Angus

The thing that seems to be missing from this discussion is precise definitions and data.

Corruption is a loose term. Are all bribes corrupt or only illegal bribery? Is bribery practically illegal if there is a law against it which is not enforced? What if pervasive lack of enforcement creates an expectation that bribes are required? This begins to look like a fee for service. And, of course, as several people note the question of corruption is not limited to illegal payment. The presence or absence of a coercive threat is a critical characteristic to consider.

I think most of the example-counter-example discussion is really about the definitional question of what are the various types of activities that fall in the broad swath of corruption, and how are they the same and different. On one extreme are cases where bribery is illegal, but the prohibition is not enforced, payment is expected by all parties and some form of market regulates the price. The example of New York nightclubs is such a case (though I'm not even sure the bribes are illegal). On the other extreme, are people who are using power conferred to them by the government to extort funds from others, such as a policeman who threatens to break your headlight and then write you a ticket for it unless you pay him. The moral and economic issues are different between these extreme cases, and among the myriad cases that fall between them.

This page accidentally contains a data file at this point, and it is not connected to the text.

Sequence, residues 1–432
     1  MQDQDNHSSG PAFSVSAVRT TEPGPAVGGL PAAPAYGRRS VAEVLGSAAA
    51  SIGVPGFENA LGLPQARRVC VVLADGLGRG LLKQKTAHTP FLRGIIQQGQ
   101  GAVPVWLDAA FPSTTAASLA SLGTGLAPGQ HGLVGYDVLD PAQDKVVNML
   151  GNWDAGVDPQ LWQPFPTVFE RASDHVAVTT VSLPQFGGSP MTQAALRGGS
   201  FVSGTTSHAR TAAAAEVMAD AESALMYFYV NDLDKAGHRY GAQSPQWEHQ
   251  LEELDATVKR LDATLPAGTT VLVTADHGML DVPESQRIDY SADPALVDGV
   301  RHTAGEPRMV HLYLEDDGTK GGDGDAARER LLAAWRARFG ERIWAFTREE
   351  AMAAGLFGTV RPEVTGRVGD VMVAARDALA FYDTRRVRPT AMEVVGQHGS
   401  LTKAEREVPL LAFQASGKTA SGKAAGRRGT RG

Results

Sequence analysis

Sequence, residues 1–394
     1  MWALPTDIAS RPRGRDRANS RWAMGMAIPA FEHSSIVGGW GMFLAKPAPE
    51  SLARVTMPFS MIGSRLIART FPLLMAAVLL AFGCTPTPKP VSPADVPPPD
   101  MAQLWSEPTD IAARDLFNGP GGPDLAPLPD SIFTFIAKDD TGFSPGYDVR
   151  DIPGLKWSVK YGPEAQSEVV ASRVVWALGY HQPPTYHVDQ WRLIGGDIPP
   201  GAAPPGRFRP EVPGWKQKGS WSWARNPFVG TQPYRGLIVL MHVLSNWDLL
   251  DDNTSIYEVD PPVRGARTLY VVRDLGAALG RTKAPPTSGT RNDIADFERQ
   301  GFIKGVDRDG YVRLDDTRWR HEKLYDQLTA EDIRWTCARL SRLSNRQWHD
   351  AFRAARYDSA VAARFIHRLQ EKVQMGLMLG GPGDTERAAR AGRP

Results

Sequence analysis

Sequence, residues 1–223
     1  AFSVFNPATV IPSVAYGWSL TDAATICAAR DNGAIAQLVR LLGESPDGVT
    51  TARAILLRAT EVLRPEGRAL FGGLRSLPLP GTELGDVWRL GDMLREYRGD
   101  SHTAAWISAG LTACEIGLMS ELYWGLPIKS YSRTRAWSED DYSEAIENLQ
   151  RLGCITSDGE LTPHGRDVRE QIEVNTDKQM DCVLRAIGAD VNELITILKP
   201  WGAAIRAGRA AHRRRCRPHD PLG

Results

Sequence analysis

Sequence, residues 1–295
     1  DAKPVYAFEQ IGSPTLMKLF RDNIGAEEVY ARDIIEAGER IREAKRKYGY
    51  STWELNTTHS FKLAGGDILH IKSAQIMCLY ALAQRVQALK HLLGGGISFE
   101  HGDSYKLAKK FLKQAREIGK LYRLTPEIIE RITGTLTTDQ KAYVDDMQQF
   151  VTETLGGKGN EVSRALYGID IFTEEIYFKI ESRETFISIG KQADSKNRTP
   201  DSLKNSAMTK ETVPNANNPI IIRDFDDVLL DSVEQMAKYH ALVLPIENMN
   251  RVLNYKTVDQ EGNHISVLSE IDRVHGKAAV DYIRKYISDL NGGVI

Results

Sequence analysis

The impact question goes to data. The discussion is littered with ìseemsî and ìappears.î Is there any good data to bounce these assertions against? There are published indices the purport to measure corruption, but I think they actually measure public opinion about corruption. Bribery, as a black market activity, would seem to be hard to measure objectively, but there must be ways to estimate it like the estimates that are made of the volume of the drug trade. Measuring the extent of coercion seems even harder. Any ideas?